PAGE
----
“My biggest worry is what I’m going to do rentwise. I’m taking it day-by-day,” she told HuffPost.

Kroger’s insistence that she come in appears to contradict the company’s new coronavirus restrictions ― although, technically, maybe not as they’re fairly byzantine.

According to documents reviewed by HuffPost, someone who’s been exposed to a person with COVID-19 would be eligible for 14 days of paid leave. But this woman’s friend hasn’t been able to get a test; so it seems she would not be covered.

Part of Kroger guidelines for workers during the coronavirus pandemic.
Part of Kroger guidelines for workers during the coronavirus pandemic.
HuffPost US

And yet, also under company guidelines, anyone exposed to the virus is not supposed to come back to work unless they have self-quarantined for 14 days or tested negative for COVID-19 ― tests that are nearly impossible to come by.

The Portland-based employee said she has little choice but to sit tight, unpaid.

“I’m pretty disappointed with how they’re handling everything,” she said. “I usually am not a huge complainer, but I think it’s just unfair that not everyone is given the same option of how to handle what’s going on and do what’s best for them.”

Kroger does offer some paid sick, personal and vacation time to its employees, but the time accrues over the course of the year. Relatively new employees or anyone who already took time off this year are out of luck.

Because of limitations like these, about 189,000 Kroger workers do not have access to paid sick time, according to one recent survey.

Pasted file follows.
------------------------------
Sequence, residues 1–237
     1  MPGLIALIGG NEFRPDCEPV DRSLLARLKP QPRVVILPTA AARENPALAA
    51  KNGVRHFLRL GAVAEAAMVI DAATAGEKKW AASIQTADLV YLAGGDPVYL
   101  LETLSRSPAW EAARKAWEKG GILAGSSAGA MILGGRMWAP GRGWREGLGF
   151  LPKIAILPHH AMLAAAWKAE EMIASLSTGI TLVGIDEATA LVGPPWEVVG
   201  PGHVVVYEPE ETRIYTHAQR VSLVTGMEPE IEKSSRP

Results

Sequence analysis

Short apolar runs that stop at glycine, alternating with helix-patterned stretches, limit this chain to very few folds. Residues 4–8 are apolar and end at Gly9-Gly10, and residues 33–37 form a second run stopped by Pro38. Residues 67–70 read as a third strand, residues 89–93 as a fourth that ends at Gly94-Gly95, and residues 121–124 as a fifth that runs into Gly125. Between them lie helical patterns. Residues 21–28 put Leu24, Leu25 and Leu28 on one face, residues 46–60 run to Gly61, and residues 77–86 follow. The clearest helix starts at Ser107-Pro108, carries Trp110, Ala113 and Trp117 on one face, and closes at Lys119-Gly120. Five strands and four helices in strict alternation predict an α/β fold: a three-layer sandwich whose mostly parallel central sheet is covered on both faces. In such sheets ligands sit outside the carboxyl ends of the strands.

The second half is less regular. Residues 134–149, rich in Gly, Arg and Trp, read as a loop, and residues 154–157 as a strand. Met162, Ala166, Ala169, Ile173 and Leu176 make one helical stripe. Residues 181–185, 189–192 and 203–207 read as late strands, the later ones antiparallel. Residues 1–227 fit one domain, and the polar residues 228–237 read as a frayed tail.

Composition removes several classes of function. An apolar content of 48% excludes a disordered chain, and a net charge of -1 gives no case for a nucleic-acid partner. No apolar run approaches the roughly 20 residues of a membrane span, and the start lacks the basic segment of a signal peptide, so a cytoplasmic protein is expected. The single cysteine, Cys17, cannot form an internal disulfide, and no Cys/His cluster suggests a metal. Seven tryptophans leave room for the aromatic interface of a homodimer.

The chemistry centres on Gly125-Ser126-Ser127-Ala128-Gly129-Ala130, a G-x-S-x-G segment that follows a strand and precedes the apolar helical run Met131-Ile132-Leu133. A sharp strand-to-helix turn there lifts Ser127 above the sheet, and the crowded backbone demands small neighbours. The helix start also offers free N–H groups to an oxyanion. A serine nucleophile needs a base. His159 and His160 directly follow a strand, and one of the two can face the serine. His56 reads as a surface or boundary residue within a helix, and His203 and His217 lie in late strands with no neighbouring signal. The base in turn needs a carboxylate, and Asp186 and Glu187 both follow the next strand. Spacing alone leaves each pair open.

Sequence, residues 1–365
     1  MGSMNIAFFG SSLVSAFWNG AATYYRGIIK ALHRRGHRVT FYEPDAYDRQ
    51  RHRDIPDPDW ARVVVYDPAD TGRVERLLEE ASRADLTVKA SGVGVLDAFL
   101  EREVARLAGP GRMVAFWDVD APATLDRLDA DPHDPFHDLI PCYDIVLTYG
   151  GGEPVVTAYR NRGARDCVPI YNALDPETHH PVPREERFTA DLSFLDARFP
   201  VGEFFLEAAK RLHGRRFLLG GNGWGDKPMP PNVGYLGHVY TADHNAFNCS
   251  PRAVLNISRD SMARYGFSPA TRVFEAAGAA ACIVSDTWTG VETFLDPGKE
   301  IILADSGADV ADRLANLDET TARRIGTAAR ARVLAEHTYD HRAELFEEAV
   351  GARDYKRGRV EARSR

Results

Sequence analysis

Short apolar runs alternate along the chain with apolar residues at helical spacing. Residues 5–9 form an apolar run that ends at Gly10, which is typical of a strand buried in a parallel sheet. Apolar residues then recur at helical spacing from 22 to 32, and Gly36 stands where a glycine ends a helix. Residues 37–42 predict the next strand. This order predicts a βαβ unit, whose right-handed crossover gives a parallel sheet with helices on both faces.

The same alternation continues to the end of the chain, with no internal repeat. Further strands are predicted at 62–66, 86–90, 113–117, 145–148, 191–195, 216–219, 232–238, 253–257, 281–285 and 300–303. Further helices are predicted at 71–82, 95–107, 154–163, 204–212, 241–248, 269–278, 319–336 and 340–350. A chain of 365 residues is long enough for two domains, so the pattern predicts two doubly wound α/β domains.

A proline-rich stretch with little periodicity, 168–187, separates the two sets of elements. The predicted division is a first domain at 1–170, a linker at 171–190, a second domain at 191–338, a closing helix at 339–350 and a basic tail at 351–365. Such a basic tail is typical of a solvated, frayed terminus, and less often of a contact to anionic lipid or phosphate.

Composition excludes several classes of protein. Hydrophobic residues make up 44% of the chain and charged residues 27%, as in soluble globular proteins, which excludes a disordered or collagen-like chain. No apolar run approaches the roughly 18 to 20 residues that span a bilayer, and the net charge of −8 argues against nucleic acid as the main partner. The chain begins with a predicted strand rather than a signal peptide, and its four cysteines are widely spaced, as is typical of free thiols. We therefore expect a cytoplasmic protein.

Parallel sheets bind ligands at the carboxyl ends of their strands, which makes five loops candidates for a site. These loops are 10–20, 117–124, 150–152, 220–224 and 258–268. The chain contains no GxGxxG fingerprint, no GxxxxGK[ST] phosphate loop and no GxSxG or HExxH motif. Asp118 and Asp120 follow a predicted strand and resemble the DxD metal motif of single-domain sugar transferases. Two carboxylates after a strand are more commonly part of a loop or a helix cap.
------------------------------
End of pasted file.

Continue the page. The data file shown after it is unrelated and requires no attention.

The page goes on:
The Portland worker just started in December. The New Mexico woman HuffPost spoke with said she used up a lot of her paid time off earlier this year when she had to be home with her son, who had the flu.

“I’m going through some crazy times, and what’s horrible is they’re making so much more money than normal,” she said. “And they can’t afford to take care of their employees or they don’t care to.”

UPDATE: March 21 ― Kroger announced Saturday that it would expand its emergency leave policy to include those who were told to self-isolate by a health care professional. The company also said it would give small cash bonuses to associates ― $300 for full-time workers and $150 for part-time workers.

“I just got off the phone with my assistant store director, she gave me a full 40 hours for this past week and will do it for next will too!!!! Huge burden lifted!” the New Mexico worker told HuffPost in an email.